This was a special version of the regular Talkabout FRS. It takes a stereo 2.5mm plug, where the tip is SPKR, ring is MIC, and base is GND. Unfortunately, the way the housing is designed, standard 2.5mm stereo plugs will be too short.  Motorola has a special plug that's about 1/8" longer, but you could modify the radio housing slightly and use a standard plug or else use an adapter. We modified a plug to fit the radio.  Wiring was straightforward; we used circuit #2 with a 2.2K resistor and both radios worked properly with the Autocoms right away. There was some noise, and the PTT has a long delay before turning off. Still, overall performance was better than any of the CBs, mostly due to lack of RF noise.  We only operated these radios on batteries.

Problems I encountered:

Cable designs:

CB PTT leadThis is the same circuit that the Radio Shack 19-314 speaker/mike uses.   R1 is 57K for the RS mike. The audio goes straight through, while the audio ground didn't need to be connected since it grounds through the power supply (you may need to ground it if you use batteries or even if you hardwire it). The mike signal goes straight through as well, but the mike pin (in the radio) needs to be dragged down a little bit electrically to trigger the transmit circuit in the radio. This is accomplished by the resistor and the PTT switch.

CB VOX leadThis cable uses VOX to operate the Cobra HH45WX CB. It is very closely based on the RS cable shown above. I changed the resistance; 100K didn't give a full transmit signal so I used a potentiometer set to about 80K. I wanted as high a resistance as possible so the mike signal was not absorbed.

FRS VOX leadThis cable uses VOX to operate the Motorola Talkabout 280 FRS radios. R1 was 2.2K and the radios worked pretty well. Capacitors could be used in the locations shown in the other schematics, but we didn't use them. R1 could possibly be changed for better VOX performance and possible microphone performance, but we haven't worked on that.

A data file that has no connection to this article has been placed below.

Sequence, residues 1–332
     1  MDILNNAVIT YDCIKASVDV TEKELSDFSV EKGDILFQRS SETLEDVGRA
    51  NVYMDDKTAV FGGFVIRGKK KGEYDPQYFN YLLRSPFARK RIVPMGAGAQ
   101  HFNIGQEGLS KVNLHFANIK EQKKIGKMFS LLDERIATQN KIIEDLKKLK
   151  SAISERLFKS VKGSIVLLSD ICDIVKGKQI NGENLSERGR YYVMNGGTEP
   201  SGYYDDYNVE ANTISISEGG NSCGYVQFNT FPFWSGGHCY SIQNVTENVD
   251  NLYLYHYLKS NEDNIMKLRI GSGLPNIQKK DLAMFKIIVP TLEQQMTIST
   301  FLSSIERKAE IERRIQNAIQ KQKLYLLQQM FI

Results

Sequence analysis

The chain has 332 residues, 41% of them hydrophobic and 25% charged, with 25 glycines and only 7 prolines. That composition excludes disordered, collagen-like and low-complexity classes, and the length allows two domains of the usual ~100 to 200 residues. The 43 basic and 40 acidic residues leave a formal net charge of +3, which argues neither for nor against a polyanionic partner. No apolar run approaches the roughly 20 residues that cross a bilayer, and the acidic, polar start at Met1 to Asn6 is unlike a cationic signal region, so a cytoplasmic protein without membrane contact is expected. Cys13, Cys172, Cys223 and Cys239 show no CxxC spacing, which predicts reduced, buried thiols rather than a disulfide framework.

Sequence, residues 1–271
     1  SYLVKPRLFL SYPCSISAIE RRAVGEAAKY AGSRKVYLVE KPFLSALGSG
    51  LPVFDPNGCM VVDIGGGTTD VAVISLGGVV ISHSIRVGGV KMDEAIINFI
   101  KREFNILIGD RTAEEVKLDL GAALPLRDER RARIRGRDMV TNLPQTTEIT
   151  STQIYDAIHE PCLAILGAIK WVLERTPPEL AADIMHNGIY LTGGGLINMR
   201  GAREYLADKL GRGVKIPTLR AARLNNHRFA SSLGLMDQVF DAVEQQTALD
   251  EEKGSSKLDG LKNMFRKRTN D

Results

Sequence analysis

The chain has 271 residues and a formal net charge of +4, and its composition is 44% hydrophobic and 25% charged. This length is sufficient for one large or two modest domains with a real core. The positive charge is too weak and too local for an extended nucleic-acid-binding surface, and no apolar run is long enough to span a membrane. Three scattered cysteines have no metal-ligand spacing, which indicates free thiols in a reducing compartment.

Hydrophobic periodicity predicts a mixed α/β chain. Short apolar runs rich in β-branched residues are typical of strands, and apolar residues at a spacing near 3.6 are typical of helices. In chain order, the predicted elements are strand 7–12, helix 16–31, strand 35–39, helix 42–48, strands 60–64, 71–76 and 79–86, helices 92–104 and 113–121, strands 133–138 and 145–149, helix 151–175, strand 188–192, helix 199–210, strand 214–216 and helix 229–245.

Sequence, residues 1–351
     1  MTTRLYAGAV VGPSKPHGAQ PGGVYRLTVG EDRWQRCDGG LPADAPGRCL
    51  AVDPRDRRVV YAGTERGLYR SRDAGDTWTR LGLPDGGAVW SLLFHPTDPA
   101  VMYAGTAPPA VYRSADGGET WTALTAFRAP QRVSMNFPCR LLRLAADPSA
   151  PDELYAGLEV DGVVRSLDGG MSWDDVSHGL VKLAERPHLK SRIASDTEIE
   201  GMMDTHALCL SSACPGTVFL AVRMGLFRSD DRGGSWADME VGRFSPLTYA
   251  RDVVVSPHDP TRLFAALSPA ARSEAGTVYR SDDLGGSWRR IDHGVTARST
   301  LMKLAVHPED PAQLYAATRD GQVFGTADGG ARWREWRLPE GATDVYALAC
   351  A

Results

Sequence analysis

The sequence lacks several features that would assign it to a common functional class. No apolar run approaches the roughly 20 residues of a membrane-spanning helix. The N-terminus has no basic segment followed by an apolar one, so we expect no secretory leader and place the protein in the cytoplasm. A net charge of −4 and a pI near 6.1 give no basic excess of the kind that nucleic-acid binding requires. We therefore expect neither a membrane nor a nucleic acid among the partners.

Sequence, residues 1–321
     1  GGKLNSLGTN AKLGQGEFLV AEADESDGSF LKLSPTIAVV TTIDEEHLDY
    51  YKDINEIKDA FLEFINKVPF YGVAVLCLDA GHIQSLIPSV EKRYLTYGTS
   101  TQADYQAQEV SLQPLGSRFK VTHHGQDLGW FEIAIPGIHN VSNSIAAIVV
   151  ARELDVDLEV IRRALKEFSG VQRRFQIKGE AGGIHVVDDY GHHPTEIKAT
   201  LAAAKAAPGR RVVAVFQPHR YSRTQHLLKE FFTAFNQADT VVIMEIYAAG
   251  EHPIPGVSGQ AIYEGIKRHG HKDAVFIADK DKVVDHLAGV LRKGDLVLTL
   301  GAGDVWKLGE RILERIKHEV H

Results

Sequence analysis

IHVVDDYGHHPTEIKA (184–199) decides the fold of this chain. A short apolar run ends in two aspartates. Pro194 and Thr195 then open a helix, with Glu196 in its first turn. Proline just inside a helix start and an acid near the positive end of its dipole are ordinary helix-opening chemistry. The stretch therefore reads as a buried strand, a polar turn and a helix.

IL-7 power socketFor use with the Kenwood radios, Autocom provides the IL-7 cable with the 2.5/3.5 connector.  This cable has a 2-contact 2.5mm pin, representing GND and SPKR, and a 3-contact 3.5mm pin where base is PTT (exact circuitry is not known).  Additionally there is a secondary connector  bound to the middle of the cable, which provides 9V power from the Autocom, as shown here.

If your radio happens to require a 9V power supply, you could use this to power it (if you can find the right plug).  Otherwise, a separate power circuit can be made (see "Motorcycle Electrics" for power supply info).

Closing poem

by Cary Stotland (sung to "Beverly Hillbillies" tune)

Come and listen to a story 'bout a rider named Jude,
A beemer ridin' fellow and a mighty crafty dude.
He was wantin' to be ridin and a'talkin' to his bride,
Whilst she was either on the back or pullin' up aside,

His beemer, that is...nice ride..kinda quiet like..

Well, then one day Jude was at the local store,
He saw a pair of radios just sittin' by the door.
He reckoned he could get 'em both and fix' em real good,
And make m' so his way of talkin' would be understood.

High speed Beemer ridin' talk...kinda noisy like...

Jude checked the manuals out and found that they could VOX,
he knew he'd mess around with them when they came out of the box.
Thought a bit and sure enough he figured what to do
He'd use the push-to-talk switch when the VOX became do-do.

Crappy-like....all garbled and such.

Now ole' Jude is happy as a lark.
He and his bride can talk while ridin or while parked.
All it took was findin him the right mentality
to get a pair of radios and some ingenuity.

Right-smart thinkin' it out yerself...don't be a turkey and buy all
that high-dollar, yuppie-lookin crafty,

Y'all ride safely, ya hear?